Christmas Feast 2010 Part 2 Turkey

This is part 2 of  Christmas Feast 2010. To see part 1 go to www.stevenshomler.com/2011/01/10/christmas-feast-2010-part-1-intro-menu-appetizers

This was our menu for  Christmas Feast 2010 –

Appetizers

Turkey

Turkey Gravy

Sourdough stuffing

Yukon Gold Mashed Potatoes with Hazelnut Butter

Departure Style Brussels Sprouts

Sesame Soy Christmas Slaw

Sweet & Tangy Cranberry Almond Yams with Lemon Zested Marshmallow Crust

Orange Spike Cranberry Sauce

Hand Torn Rustic Sourdough Bread

Gingerbread Cake with Lemon Zest Whipped Cream

Turkey

I make awesome turkey!  My turkey browns nicely and it is always moist and tender and delicious!

I do NOT ever baste my turkey.

#1 That is too much work. #2 Turkey basting reminds me of too many inappropriate jokes I learned as a child.

So how do I make my awesome turkey and avoid the misery that is turkey basting?

I will tell you my turkey secrets! Forthwith!

My first secret is that I use a Flavor Injectorwww.wisegeek.com/what-is-a-flavor-injector.htm)

A Flavor Injector is a wonderful cooking tool. It is a syringe with a long metal needle that you can use to inject melted butter directly into your turkey. Let me say that again – you can inject melted butter directly into your turkey. Is that fantastic or what!

Here is how you go about making Awesome Turkey.


Get your turkey out on a large cookie sheet.

Take one or 2 cubes of butter and put the butter on the stove in  small pan on med low heat to melt. Add 1/8 teaspoon of Cayenne Pepper per cube to your melting butter. Yes, I said Cayenne pepper! It will give your bird a wonderful flavor.

Run a glass 1 cup measuring cup under hot water.

Get out a small bowl and fill it with ice cubes.

Once your butter melts and starts to brown, pour it into the warmed measuring cup.

The reason you use a 1 cup measuring cup is because it is narrow enough to allow you to easily get the butter into the syringe and sturdy enough to work with. Do not use a plastic measuring cup. Bad things can happen when you put hot butter into a plastic container.

Time to shoot up the turkey!

Load the syringe up with the melted cayenne butter and start injecting the bird. Point the syringe straight down and carefully pull out the needle. Often when I do that, the butter starts running out of the hole I just made into my bird. That is what the bowl of ice is for. Apply an ice cube to the hole and the butter bleed will stop as the butter chills and hardens. Inject the bird all over.  Just go for it.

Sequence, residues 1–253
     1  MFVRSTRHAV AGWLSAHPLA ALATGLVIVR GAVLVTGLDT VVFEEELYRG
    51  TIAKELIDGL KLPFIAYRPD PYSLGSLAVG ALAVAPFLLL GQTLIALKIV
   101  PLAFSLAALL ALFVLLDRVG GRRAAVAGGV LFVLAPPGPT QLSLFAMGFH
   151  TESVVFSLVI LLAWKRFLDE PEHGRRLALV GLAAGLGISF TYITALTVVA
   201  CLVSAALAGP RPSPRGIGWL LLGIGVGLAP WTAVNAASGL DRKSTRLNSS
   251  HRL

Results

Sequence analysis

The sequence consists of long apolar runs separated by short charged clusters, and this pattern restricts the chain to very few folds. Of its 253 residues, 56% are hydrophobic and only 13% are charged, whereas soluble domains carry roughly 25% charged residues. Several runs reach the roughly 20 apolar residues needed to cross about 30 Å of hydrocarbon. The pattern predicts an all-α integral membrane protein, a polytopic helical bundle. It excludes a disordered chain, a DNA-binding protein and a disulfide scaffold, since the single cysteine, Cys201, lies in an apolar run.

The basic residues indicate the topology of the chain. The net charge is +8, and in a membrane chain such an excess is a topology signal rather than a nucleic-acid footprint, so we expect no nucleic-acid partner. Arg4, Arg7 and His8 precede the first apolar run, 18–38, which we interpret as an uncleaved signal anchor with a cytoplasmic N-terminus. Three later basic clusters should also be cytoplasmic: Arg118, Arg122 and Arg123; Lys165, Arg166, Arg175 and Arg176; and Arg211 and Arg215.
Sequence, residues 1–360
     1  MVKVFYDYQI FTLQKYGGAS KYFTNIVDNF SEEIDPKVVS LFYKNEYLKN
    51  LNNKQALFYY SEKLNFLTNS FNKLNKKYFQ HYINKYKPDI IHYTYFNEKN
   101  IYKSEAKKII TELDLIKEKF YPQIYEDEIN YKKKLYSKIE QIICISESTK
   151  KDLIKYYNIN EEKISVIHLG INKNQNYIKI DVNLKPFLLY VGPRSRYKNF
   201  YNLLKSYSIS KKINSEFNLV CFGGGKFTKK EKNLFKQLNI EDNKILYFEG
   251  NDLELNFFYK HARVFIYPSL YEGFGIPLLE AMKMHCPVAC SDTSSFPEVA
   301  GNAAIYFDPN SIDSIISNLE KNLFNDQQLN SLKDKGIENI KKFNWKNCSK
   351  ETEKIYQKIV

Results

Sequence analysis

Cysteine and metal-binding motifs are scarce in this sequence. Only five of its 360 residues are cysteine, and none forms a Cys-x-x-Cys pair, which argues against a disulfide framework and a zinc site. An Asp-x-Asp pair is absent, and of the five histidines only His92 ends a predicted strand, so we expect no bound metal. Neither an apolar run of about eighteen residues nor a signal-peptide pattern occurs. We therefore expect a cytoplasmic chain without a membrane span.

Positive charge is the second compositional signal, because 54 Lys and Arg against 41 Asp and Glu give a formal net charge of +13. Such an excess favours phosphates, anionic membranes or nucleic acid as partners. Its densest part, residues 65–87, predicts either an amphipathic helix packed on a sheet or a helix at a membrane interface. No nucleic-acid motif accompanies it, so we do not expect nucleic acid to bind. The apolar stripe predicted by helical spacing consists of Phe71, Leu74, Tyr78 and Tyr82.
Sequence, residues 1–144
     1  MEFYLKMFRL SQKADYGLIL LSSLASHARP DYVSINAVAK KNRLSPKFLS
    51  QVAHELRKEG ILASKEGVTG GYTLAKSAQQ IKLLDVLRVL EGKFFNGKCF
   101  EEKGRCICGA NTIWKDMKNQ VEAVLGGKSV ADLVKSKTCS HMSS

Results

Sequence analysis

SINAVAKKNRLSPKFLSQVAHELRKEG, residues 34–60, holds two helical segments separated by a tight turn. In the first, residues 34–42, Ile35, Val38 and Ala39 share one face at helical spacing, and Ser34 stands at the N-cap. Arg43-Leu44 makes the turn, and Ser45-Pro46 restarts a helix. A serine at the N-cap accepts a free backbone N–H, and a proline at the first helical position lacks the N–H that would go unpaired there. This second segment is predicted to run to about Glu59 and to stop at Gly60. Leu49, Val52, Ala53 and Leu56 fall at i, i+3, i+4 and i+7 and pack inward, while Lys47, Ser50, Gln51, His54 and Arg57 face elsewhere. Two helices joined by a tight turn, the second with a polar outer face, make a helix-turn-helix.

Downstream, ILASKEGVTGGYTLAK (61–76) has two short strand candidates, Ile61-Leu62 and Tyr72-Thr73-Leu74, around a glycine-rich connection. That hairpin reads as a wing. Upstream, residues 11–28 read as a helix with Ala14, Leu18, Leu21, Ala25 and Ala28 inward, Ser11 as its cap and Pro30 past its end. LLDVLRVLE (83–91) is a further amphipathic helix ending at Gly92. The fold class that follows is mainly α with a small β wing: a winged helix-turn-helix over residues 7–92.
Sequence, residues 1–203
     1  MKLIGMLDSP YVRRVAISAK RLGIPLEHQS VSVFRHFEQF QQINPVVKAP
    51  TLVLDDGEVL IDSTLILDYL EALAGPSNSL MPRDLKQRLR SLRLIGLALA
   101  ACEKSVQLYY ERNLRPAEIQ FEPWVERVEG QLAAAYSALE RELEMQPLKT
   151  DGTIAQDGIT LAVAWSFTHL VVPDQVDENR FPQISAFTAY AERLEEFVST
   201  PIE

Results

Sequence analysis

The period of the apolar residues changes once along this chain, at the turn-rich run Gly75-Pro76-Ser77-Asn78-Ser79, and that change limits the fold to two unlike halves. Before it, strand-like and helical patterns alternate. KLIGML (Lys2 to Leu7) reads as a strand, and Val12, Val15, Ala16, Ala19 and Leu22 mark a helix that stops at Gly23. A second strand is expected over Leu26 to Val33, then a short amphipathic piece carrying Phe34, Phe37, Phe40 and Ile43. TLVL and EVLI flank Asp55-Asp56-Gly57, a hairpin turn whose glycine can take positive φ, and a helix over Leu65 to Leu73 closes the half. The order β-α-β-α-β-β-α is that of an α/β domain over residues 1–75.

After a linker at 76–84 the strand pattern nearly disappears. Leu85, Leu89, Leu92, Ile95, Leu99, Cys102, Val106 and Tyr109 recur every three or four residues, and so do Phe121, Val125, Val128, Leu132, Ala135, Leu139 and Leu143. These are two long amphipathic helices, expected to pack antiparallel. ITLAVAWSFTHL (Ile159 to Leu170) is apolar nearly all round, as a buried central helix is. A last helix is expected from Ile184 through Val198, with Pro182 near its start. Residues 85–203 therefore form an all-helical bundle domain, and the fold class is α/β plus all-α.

If you are going to stuff the bird, now is the time. Don’t be shy – cram your stuffing in.

To see my stuffing recipe go to www.stevenshomler.com/2011/01/20/christmas-feast-2010-part-3-sourdough-stuffing-am-yukon-gold-mashed-potatoes-with-hazelnut-butter

Put your turkey in a bag!

My final turkey secret is that is really easy and convenient to use an oven bag for a turkey.

If you use a Reynolds oven bag, you do not have to baste your bird, and it will be moist and delicious. www.reynoldsovenbags.com. Why Reynolds? Heck – they make a plastic bag that you put a turkey in and put into the oven. That technology amazes me! Why doesn’t the bag melt? or explode? I don’t know, they probably use special gamma ray irradiated polymers in it. If the Reynolds people want to fly me out to to learn more about their amazing bag, I would be delighted to go!

I have found that it can be tough to get the bird into the bag. While your turkey is still on the cookie sheet , open up your bag, and slide it under and over the bird. I advise against picking up the bird and trying to put it into the bag. Speaking from ugly experience you might drop the bird.

Getting the bird into the bag always reminds me of Jack Daughery’s line – “watching certain women put on panty hose can like be watching someone stuff a marshmallow into a piggy bank.”

While the amazing plastic oven bag does not melt, you want to take out the racks in the oven above the bird and make sure that your turkey is on a lower rack. When heated the bag does inflate, and you do not want the bag to hit the top of the oven while it is cooking. The 4 pics immediately  above show my turkey as it first goes into the oven, after about 1 hour in the oven, after about 2 hours, and just before I took it out of the oven.

Let me close with this – In the past I have received grief  from “real” cooks about using a cooking bag for a turkey. It used to bother me. I have since learned to let it go. I love the Food Network, and Throwdown with Bobby Flay and Iron Chef America are two of my favortite shows. I recently watched a Thanksgiving Throwdown that had Bobby Flay vs Ree Drummond.  www.foodnetwork.com/throwdown-with-bobby-flay/thanksgiving-feast www.thepioneerwoman.com.

I loved that Throwdown episode, however, I felt sorry for both of them as they kept having to baste thier turkeys. I like how I do it. It works for me and my turkey always is moist and delicious. What more could you want?

However…I do hope that my turkey bag confession does not prevent me from being a judge on Iron Chef some day… Chairman -Please consider a turkey bag a poor man’s Sous Vide / Immersion Circulator.

Steven Shomler

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